But then, two days ago, in my less-than-once-a-year trip to the bank, I heard "Handy Man" over the speakers.

Holy smokes!

Then! Tonight! In the grocery store! "Handy Man"!


Maybe the rest of the world has finally discovered what I've known since 1977.

(Incidentally, the original version of "Handy Man" by Sparks of Rhythm (listed at the link as Jimmy Jones) and the first charting cover by Del Shannon can be heard here.) (Just kidding. The Del Shannon version's not on Spotify. But isn't "Runaway" a great song?)

= = = = = = = = = = = = = = = = = = =

As long as we're here, why not one more song? This is "Delivery Man" by The Cruel Sea. Big in Australia. I got the album with a punched cover at an American dollar store. And it was awesome.

Turn up your bass.


In which Theric (!) complains about sex. Twice.


086) The Bad Guys by Aaron Blabey, finished August 4

Up in the middle of the night writing a screenplay and eating cereal and reading this. Although I think the images could have been cranked a bit further comedically, this was a fun book. I enjoyed it.

My kids have enjoyed it too, though I think it might be best aimed at an under-eight crowd.
a few minutes


085) Sam Zabel and the Magic Pen by Dylan Horrocks, finished August 3
This is an ambitious book. It's filled with metametanarrative and philosophical discussions on literature and fantasy and self-realization and all sorts of hifalutin concepts. In the final analysis, though, it really seems like the philosophy is just sugar dusting the book's real raison d'être: drawing lots and lots of naked women.

For all its firm discussion of and ironic-winking commentary on the appropriateness of making women subject to male fantasy, it's hard to read this book as anything but a full submersion into just that. And that's not the only double-standard the book wants to engage in. Or to reject. Tentacle-monster/teenage-girl sex is discussed in largely the same tone, but Horrocks doesn't indulge in pages and pages of drawrin it.

Maybe I'm a prude. Perhaps. But what bothered me was less the sex than the high-minded preaching that was in direct war with what the book was actually doing. You can call that ambiguity if you want, but I think it would be more accurate to call it hypocrisy. Or perhaps merely horny laziness.
about a week


084) Survivor by Chuck Palahniuk, finished August 3
I listened to this on a lone car drive. This was probably better than reading this as the conceit is that the book is narrated into a plane's black box as its lone passenger waits for it to crash. Of course, the downside is that whenever the narrative pushes that conceit a bit past believability it is perhaps more obvious that this is the case.

I didn't know when this book was published but somehow I imagined it wasn't that long ago. But this assumption became obviously wrong as time went on. Some items it seems like Palahniuk should have anticipated (in 1999, wasn't it already obvious how the internet would change pornography?), but some probably could not have been (how America views and deals with hijackings took a sudden turn, after all, in 2001). But I'm not complaining about any of the above.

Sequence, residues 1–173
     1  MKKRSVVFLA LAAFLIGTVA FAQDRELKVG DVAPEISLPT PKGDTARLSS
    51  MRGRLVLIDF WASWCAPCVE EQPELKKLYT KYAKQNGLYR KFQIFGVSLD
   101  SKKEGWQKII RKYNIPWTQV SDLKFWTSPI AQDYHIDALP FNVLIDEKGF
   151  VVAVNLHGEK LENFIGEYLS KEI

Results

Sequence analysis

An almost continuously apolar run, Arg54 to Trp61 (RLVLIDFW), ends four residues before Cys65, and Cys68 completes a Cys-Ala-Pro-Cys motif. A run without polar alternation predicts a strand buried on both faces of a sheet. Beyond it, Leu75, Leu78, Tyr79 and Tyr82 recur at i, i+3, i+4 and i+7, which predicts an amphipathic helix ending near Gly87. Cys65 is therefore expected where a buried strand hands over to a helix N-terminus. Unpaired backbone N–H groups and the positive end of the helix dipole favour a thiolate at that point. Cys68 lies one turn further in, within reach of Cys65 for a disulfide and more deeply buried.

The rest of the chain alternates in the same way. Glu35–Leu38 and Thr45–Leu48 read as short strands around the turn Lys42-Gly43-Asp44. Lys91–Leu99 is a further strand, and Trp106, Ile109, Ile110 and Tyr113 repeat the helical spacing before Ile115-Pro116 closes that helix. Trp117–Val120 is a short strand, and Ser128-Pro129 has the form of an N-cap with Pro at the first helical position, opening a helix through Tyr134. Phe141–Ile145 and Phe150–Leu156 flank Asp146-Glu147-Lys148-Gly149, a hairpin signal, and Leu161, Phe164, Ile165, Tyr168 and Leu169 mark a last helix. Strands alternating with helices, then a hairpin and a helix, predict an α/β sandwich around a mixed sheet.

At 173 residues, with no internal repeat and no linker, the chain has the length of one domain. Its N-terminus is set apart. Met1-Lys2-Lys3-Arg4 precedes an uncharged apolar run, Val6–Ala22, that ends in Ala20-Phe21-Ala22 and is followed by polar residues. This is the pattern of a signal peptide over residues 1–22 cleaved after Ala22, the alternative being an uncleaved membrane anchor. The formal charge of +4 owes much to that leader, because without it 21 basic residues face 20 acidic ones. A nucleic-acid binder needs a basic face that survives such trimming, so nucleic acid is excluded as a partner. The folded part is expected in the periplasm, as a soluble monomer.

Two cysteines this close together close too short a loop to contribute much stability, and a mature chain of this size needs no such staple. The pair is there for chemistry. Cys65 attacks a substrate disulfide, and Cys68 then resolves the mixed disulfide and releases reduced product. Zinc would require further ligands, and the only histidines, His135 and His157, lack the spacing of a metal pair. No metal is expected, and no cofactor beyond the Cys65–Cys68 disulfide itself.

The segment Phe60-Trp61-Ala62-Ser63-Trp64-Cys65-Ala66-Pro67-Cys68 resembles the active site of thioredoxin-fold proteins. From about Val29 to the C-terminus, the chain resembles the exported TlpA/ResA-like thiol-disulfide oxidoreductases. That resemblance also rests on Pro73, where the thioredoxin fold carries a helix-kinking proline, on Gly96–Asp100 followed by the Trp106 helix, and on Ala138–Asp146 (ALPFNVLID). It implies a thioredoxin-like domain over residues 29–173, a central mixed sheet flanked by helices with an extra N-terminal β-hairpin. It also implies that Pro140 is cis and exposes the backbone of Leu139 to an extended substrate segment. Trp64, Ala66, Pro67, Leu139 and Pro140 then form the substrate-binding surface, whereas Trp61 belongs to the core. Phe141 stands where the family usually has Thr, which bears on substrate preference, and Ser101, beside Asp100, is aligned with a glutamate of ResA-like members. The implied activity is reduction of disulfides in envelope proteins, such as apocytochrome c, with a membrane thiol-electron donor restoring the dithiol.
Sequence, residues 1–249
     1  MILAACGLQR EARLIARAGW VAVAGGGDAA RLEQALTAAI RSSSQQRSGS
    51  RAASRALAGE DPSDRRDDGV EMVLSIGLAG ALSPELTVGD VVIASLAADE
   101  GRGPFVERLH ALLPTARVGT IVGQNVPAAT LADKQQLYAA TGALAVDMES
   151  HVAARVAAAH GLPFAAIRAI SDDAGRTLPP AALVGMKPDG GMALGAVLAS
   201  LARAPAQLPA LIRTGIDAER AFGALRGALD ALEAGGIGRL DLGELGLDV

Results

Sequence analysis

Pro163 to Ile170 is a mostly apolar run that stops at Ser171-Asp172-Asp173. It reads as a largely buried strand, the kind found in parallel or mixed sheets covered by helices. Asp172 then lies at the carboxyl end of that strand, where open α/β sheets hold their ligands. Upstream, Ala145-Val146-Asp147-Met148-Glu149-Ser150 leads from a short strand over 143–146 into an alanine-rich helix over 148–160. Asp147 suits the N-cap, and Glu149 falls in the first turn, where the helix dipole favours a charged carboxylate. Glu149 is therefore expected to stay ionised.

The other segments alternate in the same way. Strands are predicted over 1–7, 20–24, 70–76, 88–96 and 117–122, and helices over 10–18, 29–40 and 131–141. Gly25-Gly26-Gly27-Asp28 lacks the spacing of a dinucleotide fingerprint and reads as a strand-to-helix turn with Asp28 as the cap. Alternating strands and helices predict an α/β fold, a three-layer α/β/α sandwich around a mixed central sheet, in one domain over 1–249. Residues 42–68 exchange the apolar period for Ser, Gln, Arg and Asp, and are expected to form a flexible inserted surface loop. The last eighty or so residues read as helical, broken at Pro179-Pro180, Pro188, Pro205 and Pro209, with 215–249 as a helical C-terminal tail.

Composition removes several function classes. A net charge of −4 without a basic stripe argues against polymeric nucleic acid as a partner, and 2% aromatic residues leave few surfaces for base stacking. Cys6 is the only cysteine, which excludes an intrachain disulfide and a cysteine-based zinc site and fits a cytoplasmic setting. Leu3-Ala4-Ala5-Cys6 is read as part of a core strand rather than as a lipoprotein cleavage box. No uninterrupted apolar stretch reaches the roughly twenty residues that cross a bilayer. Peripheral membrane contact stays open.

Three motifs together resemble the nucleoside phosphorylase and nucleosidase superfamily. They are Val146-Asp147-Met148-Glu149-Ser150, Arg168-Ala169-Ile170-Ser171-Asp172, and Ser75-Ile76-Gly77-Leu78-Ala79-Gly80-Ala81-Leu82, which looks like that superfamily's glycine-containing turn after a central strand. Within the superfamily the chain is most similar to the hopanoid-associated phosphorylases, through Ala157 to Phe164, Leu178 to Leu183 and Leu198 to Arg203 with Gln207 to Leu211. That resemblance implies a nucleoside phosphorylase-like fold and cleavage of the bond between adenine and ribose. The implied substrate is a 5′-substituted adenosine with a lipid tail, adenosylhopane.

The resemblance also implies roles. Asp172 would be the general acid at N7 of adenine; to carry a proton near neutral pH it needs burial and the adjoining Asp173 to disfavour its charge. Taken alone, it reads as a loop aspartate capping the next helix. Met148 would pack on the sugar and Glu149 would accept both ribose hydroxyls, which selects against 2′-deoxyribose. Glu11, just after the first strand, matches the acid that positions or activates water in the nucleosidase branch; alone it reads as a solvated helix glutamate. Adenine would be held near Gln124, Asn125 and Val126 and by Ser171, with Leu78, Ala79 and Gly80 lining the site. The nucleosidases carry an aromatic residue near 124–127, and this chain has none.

My primary complaint is how Palahniuk, near the end of the book, has a member of an ultraconservative Christian cult present a hyperliberal view of sex. The way this side character had been presented from the very first minutes was the initial damage against my suspension of disbelief. This character who could know very little started out by knowing a whole lot. And when his opinions change, the way he speaks about this change goes against his entire history. I can accept his change in opinion. What I cannot accept is the manner in which he speaks this opinion. I don't know if his opinions are Palahniuk's, but it sure feels the author stepping in, turning a character into a puppet, and soapboxing his opinions.


That said, this is a book in the Fight Club or Invisible Monsters vein, and its criticism of modern American culture is largely on-the-nose. Both cruel and fair.
Largely. It is satire, so your mileage may vary.

But really: the most remarkable thing about it is how well it documents how much we've changed since 1999. It's not just porn and planes; it's many small,
subtle things.
two days


083) CatStronauts: Mission Moon by Drew Brockington, finished July 29

This is a charming book. The cats are cats, even if they're scientists and politicians, and the details are suitably witty for even an adult to enjoy.
not very long at all


082) A Wrinkle in Time by Madeleine L'Engle, finished July 29

Believe it or not, I've never read A Wrinkle in Time before. I read A Swiftly Tilting Planet many times because I owned it and it was one of the books I frequently reread, but my only experience with its forebear was a teacher reading it aloud in elementary school.
I remembered the concept of tesseracting clearly, but otherwise all that was left was a vague sense of disquiet I did not desire to revisit.

Rereading it now, I can see the legitimacy of that sense of disquiet, but still. It's a beautiful book. Granted, I seem to be going through a weepy stage,
but weepy I got. And I knew the book was supposed to have Christian undertones, but I don't know if "undertones" is the right terminology---it quotes scripture at length, darn it.

Anyway. Even with modern film technology, this still seems nigh unto unfilmable. I haven't see the trailer for the new film yet, but I wish them well.